These programs are designed to improve the economic stability of rural communities, businesses, residents, farmers and ranchers and improve the quality of life in rural America. Rural Development has an existing portfolio of more than $125 billion in loans and loan guarantees.

USDA’s Farm Service Agency, also a sponsor for the program, works with farmers, producers and ranchers to improve their economic viability and prosperity. Some of the agency’s efforts include financial assistance with loans for operations, farm equipment, seed and fertilizer and ownership loans to purchase a farm. FSA also implements disaster and conservation programs, and works to procure various commodities to benefit low-income families through domestic food assistance programs. FSA has 36 offices and service centers in South Carolina. FSA personnel assisted farmers in commodity and program payments in FY 2009 of $145.7 million.

Pierce McNair from South Carolina Technical Systems stresses the importance of investing in education for economic development at the Job Forum in Columbia, South Carolina.

Pierce McNair from South Carolina Technical Systems stresses the importance of investing in education for economic development at the Job Forum in Columbia, South Carolina.

Janie Davis from South Carolina Commission for Minority Affairs " Small Business does not live by itself."

Janie Davis from South Carolina Commission for Minority Affairs " Small Business does not live by itself."

Submitted by Marlous Black and Mack Eubanks of USDA

To learn more, go to the Rural Development and FSA Job Roundtables Schedule, and the News Release, “USDA to Host Roundtables on Jobs, Economic Growth

Business and Community Leaders Join in USDA Jobs Forum in Boulder City, Nevada

Don’t cut education and don’t cut technology! That was one of the main messages coming out of a lively discussion at a Jobs Forum in Boulder City, Nevada on January 14. The forum was sponsored by the Nevada offices of USDA Rural Development and the Farm Service Agency.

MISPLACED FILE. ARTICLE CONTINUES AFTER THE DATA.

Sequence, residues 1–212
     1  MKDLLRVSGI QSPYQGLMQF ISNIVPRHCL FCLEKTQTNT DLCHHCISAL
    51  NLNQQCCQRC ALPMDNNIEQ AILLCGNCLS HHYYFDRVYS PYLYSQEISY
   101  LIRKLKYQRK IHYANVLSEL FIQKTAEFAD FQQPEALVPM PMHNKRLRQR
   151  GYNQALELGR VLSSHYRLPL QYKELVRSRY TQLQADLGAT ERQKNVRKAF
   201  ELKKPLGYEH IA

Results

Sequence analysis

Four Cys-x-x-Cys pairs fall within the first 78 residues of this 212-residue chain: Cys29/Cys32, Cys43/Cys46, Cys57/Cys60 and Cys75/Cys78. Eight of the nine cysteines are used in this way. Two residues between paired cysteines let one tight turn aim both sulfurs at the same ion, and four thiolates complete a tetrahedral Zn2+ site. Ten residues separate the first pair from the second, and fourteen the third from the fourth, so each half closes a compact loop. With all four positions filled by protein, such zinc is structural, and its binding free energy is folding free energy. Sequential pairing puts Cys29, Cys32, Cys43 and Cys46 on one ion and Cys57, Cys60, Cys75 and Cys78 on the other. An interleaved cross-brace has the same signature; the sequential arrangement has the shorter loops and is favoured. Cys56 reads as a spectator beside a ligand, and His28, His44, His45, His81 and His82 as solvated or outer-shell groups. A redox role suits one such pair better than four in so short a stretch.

The main speaker, Brian Palmer, told how his company, GE Energy, which had lots of places to choose from, picked Minden, Nevada because it has a good environment for business, an excellent technology base, and a strong employee base. He said the last thing state government should do is to cut back on education or technology, since those are the things that will attract businesses and jobs.

There were lots of folks at the Roundtable, including members of the City Council, business people, staff from Senator Harry Reid and Congresswoman Dina Titus’s office—even a few young people who were with adults to find out what might help bring in and keep jobs in Boulder City. The speakers represented big and small businesses and the bottom line was that there are things that we can do to help make the community one that has jobs available for those who want them. It was a great opportunity for a cross section of folks to get together to try to solve one of our biggest problems.

Brian Palmer, Nevada Job Forum
Brian Palmer, keynote speaker at the Boulder City, Nevada Jobs Roundtable, is taped for BCTV broadcast during the first Nevada Jobs Roundtable. Behind him is USDA Rural Development/Nevada State Director Sarah Adler and Duncan McCoy, Mayor Pro Tem of Boulder City.

Submitted by Diana Jennings, Arizona Special Projects Coordinator on behalf of the Nevada Rural Development and Farm Service Agency staff.

To learn more, go to the Rural Development and FSA Job Roundtables Schedule, and the News Release, “USDA to Host Roundtables on Jobs, Economic Growth